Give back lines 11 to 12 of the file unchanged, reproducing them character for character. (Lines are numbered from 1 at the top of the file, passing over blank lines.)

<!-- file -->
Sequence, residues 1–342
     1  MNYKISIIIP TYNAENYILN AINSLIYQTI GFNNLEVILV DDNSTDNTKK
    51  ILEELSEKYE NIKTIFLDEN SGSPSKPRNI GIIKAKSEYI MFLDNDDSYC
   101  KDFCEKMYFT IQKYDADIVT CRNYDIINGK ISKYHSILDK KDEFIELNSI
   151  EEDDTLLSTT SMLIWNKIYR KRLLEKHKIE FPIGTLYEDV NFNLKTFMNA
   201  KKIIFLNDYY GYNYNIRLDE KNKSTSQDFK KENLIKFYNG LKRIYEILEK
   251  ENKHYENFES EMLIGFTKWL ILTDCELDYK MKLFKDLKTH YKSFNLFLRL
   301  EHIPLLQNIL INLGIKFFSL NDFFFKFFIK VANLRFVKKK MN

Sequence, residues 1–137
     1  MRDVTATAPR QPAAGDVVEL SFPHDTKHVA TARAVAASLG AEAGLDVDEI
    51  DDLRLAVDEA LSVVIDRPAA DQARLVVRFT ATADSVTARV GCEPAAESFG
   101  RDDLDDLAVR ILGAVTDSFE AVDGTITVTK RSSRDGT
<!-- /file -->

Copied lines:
    51  DDLRLAVDEA LSVVIDRPAA DQARLVVRFT ATADSVTARV GCEPAAESFG
   101  RDDLDDLAVR ILGAVTDSFE AVDGTITVTK RSSRDGT